Gonzalez's race will be settled in the primary and Owens' will, too, if she gets more than 50 percent of the vote. Both are serious candidates, but voters would be better served if they also had serious opponents.


The Times recommends:
For King County Superior Court
Parisien, North, Berns, O'Donnell and Ramseyer

July 25, 2012 FOR King County Superior Court there are three contests to fill judicial vacancies and two challenges to incumbents. Our choice among these is mostly about where they are from, what they have done and what their peers think of them. In choosing our favorites, we have aimed for a mix of backgrounds.

In Position 42, Judge Christopher Washington is rated lowest among 52 judges in this year's survey of the King County Bar Association. The low marks were mostly from prosecutors. One of several cases that inflamed them was in 2008, when two teenagers beat up Seattle Police Officer Jason McKissack, one of them kicking him in the head, leaving him with a brain injury. Washington sentenced the kicker, age 17, to 30 days served, though prosecutors asked for a longer sentence.

The prosecutors have a point. Washington has drawn three qualified challengers, Sue Parisien, Marianne Jones and David Ruzumna. Our choice is Parisien, an attorney here for Zurich Insurance Group. Parisien litigated civil cases for 12 years for state attorneys general Chris Gregoire and Rob McKenna. She is tough-minded and will not be an easy judge.

For Position 30, Judge Doug North is challenged by Kimberly Allen, a city councilwoman in Redmond. She argues that North allowed rape victims to be verbally abused in the trials of Sankarandi Skanda and Salvador Cruz, defendants who acted as their own lawyers. In the Cruz case, a witness fled to the courthouse roof and threatened to jump off. North says he controlled the defendants as much as he could, and if he had done any more the convictions would have been reversed on appeal. (Cruz was convicted and sentenced by North to 53 years; Skanda killed himself before the trial was over.)

The problem was not with North, but with the law. North has been unable to work for several months because of illness, but he expects to recover. We wish him the best and offer our endorsement.

For Position 25, prosecutor Roger Davidheiser, court commissioner Eric Schmidt and civil litigator Elizabeth Berns are running to replace Judge Jim Doerty. Our choice is Berns, despite a goofy rating by the King County Bar Association that she is "not qualified." Berns has two decades of private practice experience, and a calm, clear and direct manner. She has three years' experience as a judge pro tem in District Court and as a commissioner pro tem in Superior Court. She has the support of Judge Doerty and two justices of the Washington Supreme Court.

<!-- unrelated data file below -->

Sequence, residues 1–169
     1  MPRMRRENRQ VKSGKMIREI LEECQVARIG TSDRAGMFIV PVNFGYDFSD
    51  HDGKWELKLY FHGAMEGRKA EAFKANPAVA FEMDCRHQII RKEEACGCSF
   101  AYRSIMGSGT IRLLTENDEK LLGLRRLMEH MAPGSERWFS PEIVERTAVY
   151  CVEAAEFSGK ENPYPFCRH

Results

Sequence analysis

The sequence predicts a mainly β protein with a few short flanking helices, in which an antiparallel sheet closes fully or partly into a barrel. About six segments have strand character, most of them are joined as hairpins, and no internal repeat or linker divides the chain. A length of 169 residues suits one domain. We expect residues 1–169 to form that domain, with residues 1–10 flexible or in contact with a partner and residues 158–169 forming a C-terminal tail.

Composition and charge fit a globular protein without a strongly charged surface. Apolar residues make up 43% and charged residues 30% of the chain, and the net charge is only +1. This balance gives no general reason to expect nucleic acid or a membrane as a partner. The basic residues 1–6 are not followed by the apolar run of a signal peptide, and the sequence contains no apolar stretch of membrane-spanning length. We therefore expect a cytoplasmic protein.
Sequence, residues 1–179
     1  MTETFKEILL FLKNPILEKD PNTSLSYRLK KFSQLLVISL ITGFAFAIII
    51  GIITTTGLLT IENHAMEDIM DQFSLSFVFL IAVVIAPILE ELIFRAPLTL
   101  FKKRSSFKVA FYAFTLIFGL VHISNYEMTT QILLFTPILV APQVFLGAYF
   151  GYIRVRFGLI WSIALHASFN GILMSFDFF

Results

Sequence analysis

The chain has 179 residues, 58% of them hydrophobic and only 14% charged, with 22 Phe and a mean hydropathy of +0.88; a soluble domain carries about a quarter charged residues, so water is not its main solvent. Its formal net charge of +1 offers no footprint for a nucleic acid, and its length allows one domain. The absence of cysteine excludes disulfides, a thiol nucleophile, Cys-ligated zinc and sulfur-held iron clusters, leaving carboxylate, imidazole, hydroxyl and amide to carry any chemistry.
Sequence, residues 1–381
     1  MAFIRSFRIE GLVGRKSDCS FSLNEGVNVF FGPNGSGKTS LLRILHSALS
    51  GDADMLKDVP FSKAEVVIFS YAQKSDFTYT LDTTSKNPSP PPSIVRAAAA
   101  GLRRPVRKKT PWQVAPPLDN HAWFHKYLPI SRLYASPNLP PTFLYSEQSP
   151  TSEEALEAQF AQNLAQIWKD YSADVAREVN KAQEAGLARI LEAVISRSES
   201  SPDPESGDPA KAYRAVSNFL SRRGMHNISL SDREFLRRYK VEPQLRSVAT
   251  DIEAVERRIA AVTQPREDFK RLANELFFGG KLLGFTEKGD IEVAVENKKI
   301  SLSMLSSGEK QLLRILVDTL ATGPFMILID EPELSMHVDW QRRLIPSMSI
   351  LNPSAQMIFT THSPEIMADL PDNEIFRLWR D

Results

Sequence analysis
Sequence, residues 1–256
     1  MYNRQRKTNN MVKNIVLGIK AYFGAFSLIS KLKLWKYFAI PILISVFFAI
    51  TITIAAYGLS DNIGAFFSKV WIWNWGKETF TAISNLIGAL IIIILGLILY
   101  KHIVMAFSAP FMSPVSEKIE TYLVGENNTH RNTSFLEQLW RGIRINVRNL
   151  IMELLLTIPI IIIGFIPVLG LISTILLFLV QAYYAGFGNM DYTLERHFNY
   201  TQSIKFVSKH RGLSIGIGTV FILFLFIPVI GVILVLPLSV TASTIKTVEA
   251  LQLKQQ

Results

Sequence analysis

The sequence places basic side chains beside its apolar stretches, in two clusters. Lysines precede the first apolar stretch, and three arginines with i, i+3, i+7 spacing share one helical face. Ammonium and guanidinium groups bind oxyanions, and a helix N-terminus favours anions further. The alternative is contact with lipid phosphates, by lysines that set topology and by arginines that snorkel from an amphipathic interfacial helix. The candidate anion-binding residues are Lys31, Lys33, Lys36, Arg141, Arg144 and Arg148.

For Position 29, to replace Judge Sharon Armstrong, the bar association rated public defender Hong Tran "not qualified," she protested, and the association agreed to do it over. They rated her opponent, senior deputy prosecutor Sean O'Donnell, "well qualified." Both appear to be qualified.

Our choice is O'Donnell, who was one of the five prosecutors in the Gary Ridgway case. Besides being a thoughtful, experienced prosecutor, he is a trainer for the National Association of Attorneys General, an adjunct faculty member at the Seattle University School of Law and heads the Washington State Bar Association's legislative committee.

For Position 46, to replace Judge Suzanne Barnett, attorney Judy Ramseyer faces senior deputy prosecutor Gary Ernsdorff. Of these two strong candidates, we favor Ramseyer for her mix of experience. She was law clerk to renowned federal judge Bill Dwyer. Upon earning her law degree, she practiced at the Seattle law firms Heller Ehrman and K&L Gates. She has experience in at-risk youth, family law, commercial law, civil rights and class actions.

Ramseyer was guardian ad litem of Benjamin J. Harris, who had confessed to a murder he didn't do and was let go after coming within 12 days of execution. She has decades of courtroom experience and has the bearing of a Superior Court judge.